National Federation of Independent Business gives 7th District lawmakers Guardian of Small Business Award
The state’s largest small business advocacy group, the National Federation of Independent Business (NFIB), recognized Reps. Joel Kretz, R-Wauconda, and Shelly Short, R-Addy, with its Guardian of Small Business Award for their efforts in the Legislature to support measures that help small-business owners be successful and oppose policies that hurt them. The 8,000-member association grades lawmakers on their votes on 10 pieces of legislation. Kretz and Short both received a 100 percent voting record for the 2011-12 biennium.
“When you travel around the Seventh District, it’s clear that the majority of jobs are created by small businesses like mine. They employ our friends, family and neighbors in areas where big businesses choose not to operate or, in the case of our part of the state, cannot get the permits needed to begin operations,” said Kretz, who also received the NFIB Legislator of the Year Award in 2010. “Entrepreneurs risk their own capital to start their businesses and create jobs that support our communities and the services our local governments provide. Anything I can do to support them, I will.”
“Small businesses are quite literally the backbone of our state and local economies,” said Short, who also received the 2011 Cornerstone Award from the Association of Washington Business. “One of the things I hear the most from folks back home is the need to protect the jobs we have and to help find ways to expand our region’s economic opportunities. A vote on the House floor for a bill being supported by NFIB is a vote supporting the many entrepreneurs and job-producers in our state. I’m grateful for the recognition from NFIB but even more grateful for their work and assistance in supporting those small employers around the state who contribute so much to our economy.”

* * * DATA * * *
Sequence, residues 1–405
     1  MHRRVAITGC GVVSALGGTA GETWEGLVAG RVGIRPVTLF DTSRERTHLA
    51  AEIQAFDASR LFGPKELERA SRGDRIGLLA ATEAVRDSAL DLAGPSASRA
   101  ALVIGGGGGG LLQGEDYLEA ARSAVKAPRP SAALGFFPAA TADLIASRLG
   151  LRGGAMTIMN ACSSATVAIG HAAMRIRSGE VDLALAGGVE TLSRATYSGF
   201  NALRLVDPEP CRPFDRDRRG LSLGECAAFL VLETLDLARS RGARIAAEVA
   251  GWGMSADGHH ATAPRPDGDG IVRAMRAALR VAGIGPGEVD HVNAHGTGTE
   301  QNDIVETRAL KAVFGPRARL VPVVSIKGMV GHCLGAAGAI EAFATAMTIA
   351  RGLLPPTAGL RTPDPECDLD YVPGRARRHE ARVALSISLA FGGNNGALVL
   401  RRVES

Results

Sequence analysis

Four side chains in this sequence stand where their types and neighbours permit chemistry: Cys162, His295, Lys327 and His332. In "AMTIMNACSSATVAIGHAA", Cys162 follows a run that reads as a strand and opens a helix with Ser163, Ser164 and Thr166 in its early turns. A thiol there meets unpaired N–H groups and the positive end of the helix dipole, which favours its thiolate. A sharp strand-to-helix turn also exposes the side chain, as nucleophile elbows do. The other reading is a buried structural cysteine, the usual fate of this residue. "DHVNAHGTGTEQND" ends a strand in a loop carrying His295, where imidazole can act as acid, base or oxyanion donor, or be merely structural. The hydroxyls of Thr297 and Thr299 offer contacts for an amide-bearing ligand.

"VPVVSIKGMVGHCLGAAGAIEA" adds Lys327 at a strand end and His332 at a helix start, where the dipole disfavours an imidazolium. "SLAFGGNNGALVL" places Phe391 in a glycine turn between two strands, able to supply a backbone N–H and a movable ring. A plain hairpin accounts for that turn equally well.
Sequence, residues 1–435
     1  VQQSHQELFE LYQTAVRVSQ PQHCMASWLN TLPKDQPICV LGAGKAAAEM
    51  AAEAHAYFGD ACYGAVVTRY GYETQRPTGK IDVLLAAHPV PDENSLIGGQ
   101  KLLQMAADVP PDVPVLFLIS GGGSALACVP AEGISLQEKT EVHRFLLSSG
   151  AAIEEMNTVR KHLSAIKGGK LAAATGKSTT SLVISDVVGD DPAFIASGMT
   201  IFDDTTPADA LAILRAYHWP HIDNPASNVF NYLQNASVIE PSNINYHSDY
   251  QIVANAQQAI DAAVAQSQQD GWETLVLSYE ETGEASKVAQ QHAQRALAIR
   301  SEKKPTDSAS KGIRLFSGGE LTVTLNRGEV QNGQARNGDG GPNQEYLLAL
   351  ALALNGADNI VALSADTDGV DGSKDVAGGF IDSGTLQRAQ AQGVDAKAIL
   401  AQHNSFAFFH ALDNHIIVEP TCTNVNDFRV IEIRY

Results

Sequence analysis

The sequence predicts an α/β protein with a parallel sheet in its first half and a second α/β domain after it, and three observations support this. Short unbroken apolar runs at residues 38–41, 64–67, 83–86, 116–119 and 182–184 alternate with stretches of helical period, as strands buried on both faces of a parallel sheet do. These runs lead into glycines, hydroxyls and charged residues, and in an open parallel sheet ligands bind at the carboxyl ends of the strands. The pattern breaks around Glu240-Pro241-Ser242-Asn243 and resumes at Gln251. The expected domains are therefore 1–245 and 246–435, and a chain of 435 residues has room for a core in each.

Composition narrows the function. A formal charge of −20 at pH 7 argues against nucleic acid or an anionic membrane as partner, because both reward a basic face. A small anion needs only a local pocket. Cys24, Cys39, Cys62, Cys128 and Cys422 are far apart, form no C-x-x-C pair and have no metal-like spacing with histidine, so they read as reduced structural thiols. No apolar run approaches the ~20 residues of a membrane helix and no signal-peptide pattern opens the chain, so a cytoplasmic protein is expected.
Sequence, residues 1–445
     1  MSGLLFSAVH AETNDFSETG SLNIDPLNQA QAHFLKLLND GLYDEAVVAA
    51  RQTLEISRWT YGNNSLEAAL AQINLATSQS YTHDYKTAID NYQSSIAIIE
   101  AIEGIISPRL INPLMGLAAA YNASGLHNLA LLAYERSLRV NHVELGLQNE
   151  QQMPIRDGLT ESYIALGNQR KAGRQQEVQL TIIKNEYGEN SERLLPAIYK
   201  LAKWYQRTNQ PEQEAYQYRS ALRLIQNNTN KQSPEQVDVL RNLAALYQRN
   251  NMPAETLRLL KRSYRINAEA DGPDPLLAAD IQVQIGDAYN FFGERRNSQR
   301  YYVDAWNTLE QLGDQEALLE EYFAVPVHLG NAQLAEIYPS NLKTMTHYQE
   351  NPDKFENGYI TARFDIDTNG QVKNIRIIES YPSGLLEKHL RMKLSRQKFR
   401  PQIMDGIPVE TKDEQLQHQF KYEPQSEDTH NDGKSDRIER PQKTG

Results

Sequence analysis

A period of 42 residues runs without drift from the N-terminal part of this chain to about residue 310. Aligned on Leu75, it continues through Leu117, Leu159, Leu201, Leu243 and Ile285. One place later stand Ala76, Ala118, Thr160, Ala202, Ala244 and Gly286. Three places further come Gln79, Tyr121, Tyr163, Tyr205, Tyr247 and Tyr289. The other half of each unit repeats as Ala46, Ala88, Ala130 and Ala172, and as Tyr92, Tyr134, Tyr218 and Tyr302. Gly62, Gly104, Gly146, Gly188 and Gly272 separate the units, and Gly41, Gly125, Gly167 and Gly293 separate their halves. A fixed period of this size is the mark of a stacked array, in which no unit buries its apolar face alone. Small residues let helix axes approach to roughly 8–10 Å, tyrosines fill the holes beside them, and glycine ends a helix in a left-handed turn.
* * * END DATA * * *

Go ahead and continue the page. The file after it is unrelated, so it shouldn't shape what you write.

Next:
According to a report authored this year by the United States Small Business Administration, small businesses totaled 532,162 in Washington in 2009. They represent 98.1 percent of all employers and employ 53.3 percent of the private-sector workforce.
According to NFIB Washington State Director Patrick Connor, the cost of tax compliance falls heavily on small business and is 66 percent higher for a small business compared to a large business. And, he pointed out a national study that found small firms with fewer than 20 employees spend $2,400, or 45 percent, more per employee than larger firms do in complying with the same federal regulations.
CONTACT: Bobbi Cussins, Public Information Officer, (360) 786-7252